Breastfeeding is considered to be one of the most natural and beautiful aspects of motherhood. A cherished moment of intimacy between a mother and a baby cementing their bond. But is it the easiest aspect of motherhood?
Not really. Contrary to what popular media would like you to believe, breastfeeding is not a simple linear process for everyone. Through the breastfeeding journey, a mother must worry about – cracked nipples, babies latching, producing enough milk, supplements to increase supply, pumping, clogged milk ducts, engorgement, to name a few. But the more you worry, the less you’ll produce. And the less you produce, the more you’ll worry. It’s a vicious unending cycle.
Once the baby is born, the mother starts producing small amounts of milk known as Colostrum which is pale yellow; this foremilk is rich in immunoglobulin and differs in consistency from the regular milk that the body produces after the initial two-four days. The baby, during this period, feeds every forty-five minutes to an hour and drinks minuscule amounts of this milk.
I found myself worried if these trace amounts were indeed enough for the baby? It is – the baby’s stomach is the size of a pea at this point. And if in case you don’t produce milk at the get-go (as it takes some time for it to come in), you can always supplement with Formula. That is why Formula exists. Instead of beating yourself up about not being able to care for your child, concentrate on recovery.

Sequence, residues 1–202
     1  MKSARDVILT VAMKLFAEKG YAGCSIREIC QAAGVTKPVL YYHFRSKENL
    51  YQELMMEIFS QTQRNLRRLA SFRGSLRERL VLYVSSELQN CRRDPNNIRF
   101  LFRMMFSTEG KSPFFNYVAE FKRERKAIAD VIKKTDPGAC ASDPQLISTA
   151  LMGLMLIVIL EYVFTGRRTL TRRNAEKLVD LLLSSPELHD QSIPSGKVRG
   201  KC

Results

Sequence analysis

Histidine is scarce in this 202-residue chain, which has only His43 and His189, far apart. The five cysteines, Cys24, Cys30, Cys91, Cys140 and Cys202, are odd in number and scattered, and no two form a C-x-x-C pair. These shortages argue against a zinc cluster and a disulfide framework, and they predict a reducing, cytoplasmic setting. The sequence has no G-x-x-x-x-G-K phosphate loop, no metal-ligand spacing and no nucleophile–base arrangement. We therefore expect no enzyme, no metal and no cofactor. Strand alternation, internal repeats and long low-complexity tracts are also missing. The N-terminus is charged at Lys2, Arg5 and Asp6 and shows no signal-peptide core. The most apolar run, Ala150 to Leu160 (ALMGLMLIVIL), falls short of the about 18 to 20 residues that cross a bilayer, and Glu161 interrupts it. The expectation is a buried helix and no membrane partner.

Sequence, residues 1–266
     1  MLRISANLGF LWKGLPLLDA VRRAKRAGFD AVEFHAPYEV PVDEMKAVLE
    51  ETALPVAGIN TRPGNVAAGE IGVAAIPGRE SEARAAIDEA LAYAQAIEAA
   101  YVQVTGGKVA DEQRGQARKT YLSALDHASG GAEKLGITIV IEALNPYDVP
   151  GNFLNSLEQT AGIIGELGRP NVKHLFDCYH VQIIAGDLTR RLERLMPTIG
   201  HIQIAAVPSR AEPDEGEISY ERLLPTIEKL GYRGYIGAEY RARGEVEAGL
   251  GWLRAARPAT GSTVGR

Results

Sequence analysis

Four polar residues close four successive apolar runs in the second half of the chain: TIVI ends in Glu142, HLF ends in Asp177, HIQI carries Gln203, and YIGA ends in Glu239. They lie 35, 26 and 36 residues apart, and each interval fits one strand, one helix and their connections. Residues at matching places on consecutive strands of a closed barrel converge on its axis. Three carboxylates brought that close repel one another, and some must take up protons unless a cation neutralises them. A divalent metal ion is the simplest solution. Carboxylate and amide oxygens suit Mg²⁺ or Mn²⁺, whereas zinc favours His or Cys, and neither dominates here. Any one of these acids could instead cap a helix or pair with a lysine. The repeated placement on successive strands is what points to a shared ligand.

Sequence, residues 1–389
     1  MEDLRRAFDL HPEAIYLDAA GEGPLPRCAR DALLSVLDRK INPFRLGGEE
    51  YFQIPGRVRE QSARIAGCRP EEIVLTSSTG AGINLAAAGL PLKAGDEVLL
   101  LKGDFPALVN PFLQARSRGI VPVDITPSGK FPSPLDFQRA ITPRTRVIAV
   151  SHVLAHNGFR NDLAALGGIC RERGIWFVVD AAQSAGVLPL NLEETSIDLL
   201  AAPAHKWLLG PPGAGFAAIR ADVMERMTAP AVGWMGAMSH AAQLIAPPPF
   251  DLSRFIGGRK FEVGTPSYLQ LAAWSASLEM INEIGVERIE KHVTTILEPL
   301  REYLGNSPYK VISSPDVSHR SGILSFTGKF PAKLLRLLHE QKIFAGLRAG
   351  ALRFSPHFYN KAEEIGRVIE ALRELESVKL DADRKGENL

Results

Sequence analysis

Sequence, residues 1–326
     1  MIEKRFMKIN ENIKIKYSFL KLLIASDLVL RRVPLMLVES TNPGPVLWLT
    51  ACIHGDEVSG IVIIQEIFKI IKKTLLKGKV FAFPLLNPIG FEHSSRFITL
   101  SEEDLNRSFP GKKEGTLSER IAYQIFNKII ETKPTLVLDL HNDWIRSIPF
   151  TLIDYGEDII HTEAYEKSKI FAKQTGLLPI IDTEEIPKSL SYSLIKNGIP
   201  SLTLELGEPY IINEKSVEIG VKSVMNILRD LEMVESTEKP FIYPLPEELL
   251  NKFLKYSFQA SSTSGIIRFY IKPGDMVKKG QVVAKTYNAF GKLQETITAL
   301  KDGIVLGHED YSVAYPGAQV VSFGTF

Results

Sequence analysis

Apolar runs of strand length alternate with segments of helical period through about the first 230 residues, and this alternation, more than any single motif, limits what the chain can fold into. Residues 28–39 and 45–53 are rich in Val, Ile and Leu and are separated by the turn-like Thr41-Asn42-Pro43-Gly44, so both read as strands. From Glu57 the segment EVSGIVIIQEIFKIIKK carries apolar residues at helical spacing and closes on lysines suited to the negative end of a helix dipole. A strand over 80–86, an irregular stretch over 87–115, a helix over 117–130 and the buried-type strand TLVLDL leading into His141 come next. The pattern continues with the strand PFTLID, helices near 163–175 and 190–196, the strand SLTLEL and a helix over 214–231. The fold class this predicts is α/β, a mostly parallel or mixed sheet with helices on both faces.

There is so much guilt associated with breastfeeding. Are you doing it right? Are you doing it enough? How long you do it for? The answer is simple. Whatever works for you and your baby. I know mothers who’ve pumped seven times a day in order to feed their baby because it just didn’t latch on. Other mothers who’ve never breastfed because they never produced milk. And some who’ve continued to feed well past the baby’s second birthday. It is all highly personal and endemic to you.
When baby A was two months old, she went on a nursing strike that lasted for seven days. She refused to nurse when awake, and the only time she would feed was when she was half asleep. I pumped several times a day and stayed up all night because I had to anticipate when she would get hungry and nurse her while she was still drowsy. That was the most challenging week, made even more difficult my incessant worrying that the strike would never end, and it would be the end of my breastfeeding journey.
What I didn’t realize then was that my mental health and sanity were more important. Even if the worst were to occur and I couldn’t feed baby A anymore, I would have found a way to feed her regardless. Breastfed, Formula-fed or a combination of both – you’ll see that a happy, stress-free mommy makes for a better parent.
Thirteen months down the line, baby A still feeds despite being on four solid meals a day. I could stress about weaning her off, but I know better now. It will all happen organically and in its own time. This much I’ll say, though, keep that baby full. You wouldn’t want to witness the temper tantrum of a hangry infant.
Fed is best.
Devanshi Shanay Shah is a bookworm. She is a Master’s in literature and writing from the University of Cambridge. A voracious reader, she has an appetite for fiction and poetry. Mother to one-year-old Ayesha who doesn’t give her much time for any of the things mentioned above. But yes, she manages to work on her debut novel.